This started as a comment in reply to Jeffrey Beall’s comment on my last post — but, like Topsy, it jus’ grew. So, here it is as a new post.

I think there are folks out there who think cataloging is wholly unnecessary. One might also think article indexing is unnecessary as we have more access through full text searchable databases. I don’t honestly know if they are right and neither does anyone else on either side of the argument.

We dyed-in-the-wool catalogers can rant until the end of time (or the end of cataloging) that “they” are out to destroy us but though a cataloger in my heart I am first a librarian. The purpose of librarianship is not cataloging but providing people with the information they need to be successful in their lives. Cutter’s objects were all about helping folks FIND information. Our first question should be, “How can we best do that?” I can say cataloging and someone else can say Google-books-style access and neither of us can say who is right or wrong because we don’t have EVIDENCE! I mean evidence that user needs are better served by one or the other.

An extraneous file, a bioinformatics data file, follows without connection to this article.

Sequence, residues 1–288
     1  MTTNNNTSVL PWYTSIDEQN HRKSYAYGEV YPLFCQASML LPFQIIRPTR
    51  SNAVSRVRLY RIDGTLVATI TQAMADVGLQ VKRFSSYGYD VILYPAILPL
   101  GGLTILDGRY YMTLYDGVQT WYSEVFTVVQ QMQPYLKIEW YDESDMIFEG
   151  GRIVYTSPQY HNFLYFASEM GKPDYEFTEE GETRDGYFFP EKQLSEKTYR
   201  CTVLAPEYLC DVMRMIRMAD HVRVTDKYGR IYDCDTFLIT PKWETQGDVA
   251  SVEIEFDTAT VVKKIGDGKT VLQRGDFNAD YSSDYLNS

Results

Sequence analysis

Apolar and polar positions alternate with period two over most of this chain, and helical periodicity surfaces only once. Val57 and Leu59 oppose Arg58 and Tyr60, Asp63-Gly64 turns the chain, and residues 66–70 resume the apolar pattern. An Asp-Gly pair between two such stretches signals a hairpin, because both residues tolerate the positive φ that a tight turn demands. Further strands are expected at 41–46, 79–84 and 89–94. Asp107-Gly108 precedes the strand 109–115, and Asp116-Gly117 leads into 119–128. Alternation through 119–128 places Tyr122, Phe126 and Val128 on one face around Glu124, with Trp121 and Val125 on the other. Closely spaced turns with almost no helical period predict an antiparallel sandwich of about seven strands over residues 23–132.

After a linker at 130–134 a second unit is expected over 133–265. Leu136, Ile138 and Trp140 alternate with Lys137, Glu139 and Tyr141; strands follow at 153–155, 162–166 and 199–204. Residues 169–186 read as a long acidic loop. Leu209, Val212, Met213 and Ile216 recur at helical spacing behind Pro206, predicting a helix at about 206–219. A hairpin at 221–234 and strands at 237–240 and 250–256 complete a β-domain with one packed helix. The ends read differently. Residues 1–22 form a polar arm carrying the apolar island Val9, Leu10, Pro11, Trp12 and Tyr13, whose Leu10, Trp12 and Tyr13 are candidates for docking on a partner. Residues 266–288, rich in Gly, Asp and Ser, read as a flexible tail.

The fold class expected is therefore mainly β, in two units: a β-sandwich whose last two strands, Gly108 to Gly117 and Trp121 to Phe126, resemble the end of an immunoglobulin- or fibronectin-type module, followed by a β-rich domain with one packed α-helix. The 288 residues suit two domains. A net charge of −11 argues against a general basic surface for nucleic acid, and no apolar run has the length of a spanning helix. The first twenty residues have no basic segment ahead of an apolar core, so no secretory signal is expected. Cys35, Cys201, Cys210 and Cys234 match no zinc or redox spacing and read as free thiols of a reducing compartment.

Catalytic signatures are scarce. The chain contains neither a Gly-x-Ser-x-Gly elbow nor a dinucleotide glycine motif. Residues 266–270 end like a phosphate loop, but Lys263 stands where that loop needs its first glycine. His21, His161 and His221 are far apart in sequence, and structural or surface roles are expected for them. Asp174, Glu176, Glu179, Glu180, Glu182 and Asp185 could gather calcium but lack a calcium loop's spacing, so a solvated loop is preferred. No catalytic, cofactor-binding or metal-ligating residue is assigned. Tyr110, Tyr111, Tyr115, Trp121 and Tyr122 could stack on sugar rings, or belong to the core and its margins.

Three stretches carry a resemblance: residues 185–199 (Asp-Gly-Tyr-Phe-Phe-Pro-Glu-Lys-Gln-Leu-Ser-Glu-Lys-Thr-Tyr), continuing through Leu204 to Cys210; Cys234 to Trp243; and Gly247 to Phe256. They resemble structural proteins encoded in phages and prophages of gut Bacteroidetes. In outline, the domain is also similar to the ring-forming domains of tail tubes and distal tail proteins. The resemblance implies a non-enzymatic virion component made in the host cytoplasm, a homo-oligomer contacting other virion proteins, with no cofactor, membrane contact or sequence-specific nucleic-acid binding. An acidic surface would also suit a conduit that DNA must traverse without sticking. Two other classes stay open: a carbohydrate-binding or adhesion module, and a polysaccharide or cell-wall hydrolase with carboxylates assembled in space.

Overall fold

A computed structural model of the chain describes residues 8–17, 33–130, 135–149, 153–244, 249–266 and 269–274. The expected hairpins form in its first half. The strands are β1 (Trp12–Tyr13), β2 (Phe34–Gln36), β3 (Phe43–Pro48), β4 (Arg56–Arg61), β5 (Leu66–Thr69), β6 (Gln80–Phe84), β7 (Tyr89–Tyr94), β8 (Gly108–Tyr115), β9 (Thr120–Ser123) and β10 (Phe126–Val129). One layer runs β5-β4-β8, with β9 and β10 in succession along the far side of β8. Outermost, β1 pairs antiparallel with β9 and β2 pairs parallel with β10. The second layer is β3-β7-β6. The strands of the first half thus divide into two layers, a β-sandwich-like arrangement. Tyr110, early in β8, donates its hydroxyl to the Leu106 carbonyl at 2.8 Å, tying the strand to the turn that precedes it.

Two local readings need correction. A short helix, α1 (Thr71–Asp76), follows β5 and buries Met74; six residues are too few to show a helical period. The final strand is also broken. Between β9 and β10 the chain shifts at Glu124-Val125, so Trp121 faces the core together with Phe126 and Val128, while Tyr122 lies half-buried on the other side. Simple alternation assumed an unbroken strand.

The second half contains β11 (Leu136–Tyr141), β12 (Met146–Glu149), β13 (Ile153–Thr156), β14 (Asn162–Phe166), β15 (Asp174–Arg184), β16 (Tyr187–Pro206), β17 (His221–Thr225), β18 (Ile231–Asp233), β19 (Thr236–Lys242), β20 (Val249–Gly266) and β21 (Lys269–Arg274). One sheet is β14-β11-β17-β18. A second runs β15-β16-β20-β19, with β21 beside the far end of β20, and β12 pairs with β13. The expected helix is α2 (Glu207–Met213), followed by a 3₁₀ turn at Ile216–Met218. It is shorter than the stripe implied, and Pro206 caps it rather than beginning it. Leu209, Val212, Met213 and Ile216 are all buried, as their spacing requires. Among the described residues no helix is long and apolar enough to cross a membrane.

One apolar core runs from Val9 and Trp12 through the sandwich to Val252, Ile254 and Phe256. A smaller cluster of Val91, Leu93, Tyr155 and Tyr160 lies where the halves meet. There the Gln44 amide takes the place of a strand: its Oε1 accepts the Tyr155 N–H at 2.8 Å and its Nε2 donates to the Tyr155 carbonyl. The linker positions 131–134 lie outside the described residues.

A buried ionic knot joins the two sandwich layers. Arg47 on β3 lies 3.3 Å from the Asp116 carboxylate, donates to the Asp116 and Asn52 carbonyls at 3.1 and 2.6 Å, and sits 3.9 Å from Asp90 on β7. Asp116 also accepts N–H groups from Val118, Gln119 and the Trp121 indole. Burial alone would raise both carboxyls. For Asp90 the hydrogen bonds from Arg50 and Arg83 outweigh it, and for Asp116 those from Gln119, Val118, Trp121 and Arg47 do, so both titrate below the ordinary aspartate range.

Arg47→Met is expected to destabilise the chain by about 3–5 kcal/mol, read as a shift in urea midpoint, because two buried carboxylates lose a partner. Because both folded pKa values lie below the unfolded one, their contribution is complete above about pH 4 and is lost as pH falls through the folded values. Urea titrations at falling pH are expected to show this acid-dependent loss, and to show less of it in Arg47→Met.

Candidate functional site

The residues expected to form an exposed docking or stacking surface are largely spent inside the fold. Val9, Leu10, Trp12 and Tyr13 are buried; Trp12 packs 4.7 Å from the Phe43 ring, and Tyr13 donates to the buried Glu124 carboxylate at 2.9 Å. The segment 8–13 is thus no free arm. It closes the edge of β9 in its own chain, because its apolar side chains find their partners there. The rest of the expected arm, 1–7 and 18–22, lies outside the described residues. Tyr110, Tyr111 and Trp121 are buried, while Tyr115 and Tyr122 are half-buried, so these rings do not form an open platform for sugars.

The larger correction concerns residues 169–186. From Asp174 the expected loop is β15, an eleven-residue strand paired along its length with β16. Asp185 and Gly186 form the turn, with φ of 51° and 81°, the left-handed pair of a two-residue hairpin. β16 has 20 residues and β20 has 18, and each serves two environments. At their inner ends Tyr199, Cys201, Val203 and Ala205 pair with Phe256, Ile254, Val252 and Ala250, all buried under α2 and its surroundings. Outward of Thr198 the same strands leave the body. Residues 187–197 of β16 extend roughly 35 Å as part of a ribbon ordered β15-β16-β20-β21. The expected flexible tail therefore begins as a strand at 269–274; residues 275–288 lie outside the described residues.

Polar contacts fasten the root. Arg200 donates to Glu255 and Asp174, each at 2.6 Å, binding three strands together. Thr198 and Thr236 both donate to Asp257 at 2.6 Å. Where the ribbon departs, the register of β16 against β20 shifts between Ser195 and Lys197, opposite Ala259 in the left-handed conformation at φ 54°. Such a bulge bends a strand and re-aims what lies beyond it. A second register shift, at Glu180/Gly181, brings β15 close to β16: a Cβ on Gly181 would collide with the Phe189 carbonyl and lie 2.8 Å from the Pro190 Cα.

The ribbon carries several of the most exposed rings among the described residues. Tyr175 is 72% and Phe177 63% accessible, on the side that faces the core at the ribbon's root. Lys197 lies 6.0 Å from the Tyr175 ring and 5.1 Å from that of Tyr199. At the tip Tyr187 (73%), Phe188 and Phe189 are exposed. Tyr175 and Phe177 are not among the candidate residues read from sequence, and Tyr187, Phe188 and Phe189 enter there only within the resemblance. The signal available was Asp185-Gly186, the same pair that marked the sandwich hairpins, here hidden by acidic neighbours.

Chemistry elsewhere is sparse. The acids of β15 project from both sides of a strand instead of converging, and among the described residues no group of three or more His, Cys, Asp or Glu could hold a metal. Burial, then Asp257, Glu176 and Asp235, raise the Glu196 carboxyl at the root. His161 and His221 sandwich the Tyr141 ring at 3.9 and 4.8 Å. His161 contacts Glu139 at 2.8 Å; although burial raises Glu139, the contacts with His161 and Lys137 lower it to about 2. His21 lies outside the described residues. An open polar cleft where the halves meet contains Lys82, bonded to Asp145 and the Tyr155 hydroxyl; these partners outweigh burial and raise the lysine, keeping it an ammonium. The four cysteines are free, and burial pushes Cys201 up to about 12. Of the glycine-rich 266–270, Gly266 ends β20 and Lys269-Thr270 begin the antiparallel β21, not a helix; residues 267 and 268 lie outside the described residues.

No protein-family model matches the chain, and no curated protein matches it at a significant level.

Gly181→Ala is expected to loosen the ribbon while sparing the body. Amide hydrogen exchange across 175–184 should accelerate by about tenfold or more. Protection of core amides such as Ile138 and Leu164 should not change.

What we are talking about is bibliographic access not cataloging per se. What does bibliographic data need to look like to best serve its purposes. We have always decided this by guess and by golly with a soupçon of but-we’ve-always-done-it-this-way thrown in. RDA both fights against this and caves in to it resulting in a mess.

I have to come back down to earth to get ready to teach the Dewey Decimal System tonight. We continue to educate future librarians in what we do now. How can it be otherwise? But I wish I could tell them we are approaching major changes in a rational way based on openness and evidence. I can’t.

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